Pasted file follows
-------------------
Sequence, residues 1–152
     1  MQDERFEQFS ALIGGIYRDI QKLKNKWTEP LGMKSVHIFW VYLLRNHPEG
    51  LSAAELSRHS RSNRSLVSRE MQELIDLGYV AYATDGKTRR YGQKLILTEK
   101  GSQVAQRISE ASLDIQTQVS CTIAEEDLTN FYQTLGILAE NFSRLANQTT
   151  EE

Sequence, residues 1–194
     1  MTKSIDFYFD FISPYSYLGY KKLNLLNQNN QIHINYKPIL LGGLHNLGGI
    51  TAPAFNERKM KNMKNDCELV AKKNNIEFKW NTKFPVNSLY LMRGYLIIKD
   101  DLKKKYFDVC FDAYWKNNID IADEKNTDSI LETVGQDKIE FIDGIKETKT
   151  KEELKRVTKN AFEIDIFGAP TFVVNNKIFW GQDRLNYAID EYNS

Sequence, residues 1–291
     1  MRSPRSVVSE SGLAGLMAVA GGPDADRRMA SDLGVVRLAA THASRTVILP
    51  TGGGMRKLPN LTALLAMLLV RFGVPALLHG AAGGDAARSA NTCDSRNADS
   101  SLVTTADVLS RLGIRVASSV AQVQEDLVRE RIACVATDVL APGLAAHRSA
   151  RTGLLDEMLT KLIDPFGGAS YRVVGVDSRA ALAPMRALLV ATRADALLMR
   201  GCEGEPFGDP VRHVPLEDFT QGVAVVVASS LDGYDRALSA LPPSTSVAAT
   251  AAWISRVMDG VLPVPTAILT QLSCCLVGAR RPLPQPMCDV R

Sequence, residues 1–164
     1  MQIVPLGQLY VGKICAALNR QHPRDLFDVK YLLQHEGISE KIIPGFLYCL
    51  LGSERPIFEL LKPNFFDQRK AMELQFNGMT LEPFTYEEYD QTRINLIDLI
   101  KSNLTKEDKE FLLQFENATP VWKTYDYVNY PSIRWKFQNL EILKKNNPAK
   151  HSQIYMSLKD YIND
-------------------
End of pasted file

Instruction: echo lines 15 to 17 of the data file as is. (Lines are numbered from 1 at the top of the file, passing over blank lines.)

   151  RTGLLDEMLT KLIDPFGGAS YRVVGVDSRA ALAPMRALLV ATRADALLMR
   201  GCEGEPFGDP VRHVPLEDFT QGVAVVVASS LDGYDRALSA LPPSTSVAAT
   251  AAWISRVMDG VLPVPTAILT QLSCCLVGAR RPLPQPMCDV R